This report by Kitty te Riele analyses over 400 inclusive and flexible learning programs, with 33,000 young people enrolled in 1200 locations across Australia. The report also draws on an in-depth analysis of reports and information from 33 specific programs as well as existing research publications about enabling all young people to complete their education.
The report shows that many young people around Australia are benefiting significantly from the provision of innovative and flexible learning programs. However, it also indicates that more data is needed on outcomes.
Four communities, from disparate parts of Australia, are demonstrating how to increase life opportunities for vulnerable young people and their families so that they and future generations thrive. Doveton, Bourke.
Across the world most nations want their citizens to be creative. Countries believe that, if their people are more creative they will in turn be likely to be, among other things, better at problem-solving.
Dusseldorp Forum is one of a group of foundations pooling resources to assist First Nations organisations to respond to the current pandemic. Aboriginal community-controlled and governed organisations are most effectively able to articulate the needs on behalf of their communities.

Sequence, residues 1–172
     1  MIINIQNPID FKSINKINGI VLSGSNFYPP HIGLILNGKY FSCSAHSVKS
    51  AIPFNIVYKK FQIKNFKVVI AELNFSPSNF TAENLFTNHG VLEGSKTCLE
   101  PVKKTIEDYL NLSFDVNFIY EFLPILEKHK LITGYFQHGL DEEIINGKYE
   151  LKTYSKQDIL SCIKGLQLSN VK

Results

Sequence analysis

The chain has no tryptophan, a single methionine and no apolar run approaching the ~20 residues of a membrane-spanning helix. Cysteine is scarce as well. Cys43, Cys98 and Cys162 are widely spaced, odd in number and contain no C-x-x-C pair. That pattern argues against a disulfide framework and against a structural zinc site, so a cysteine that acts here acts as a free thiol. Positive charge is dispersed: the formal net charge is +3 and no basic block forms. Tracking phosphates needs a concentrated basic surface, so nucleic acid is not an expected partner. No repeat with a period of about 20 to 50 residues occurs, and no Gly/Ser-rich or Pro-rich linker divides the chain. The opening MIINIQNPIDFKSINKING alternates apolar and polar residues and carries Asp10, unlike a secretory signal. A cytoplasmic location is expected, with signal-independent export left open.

During the COVID-19 crisis Maranguka’s infrastructure, capable of bringing together community, government, and local services to quickly and effectively reach the most vulnerable has wrapped around elders, families, and young people to keep them safe, informed, and connected.
Warddeken Land Management and the Kabulwarnamyo community’s proactive response to the pandemic has protecting elders while learning for children at Nawarddeken Academy and essential fire and land management work continues.
Dusseldorp Forum acknowledges the First Peoples of Australia and the Traditional Custodians of the Country on which we work and live. We pay our respect to Aboriginal and Torres Strait Islander cultures, and to Elders past, present and future.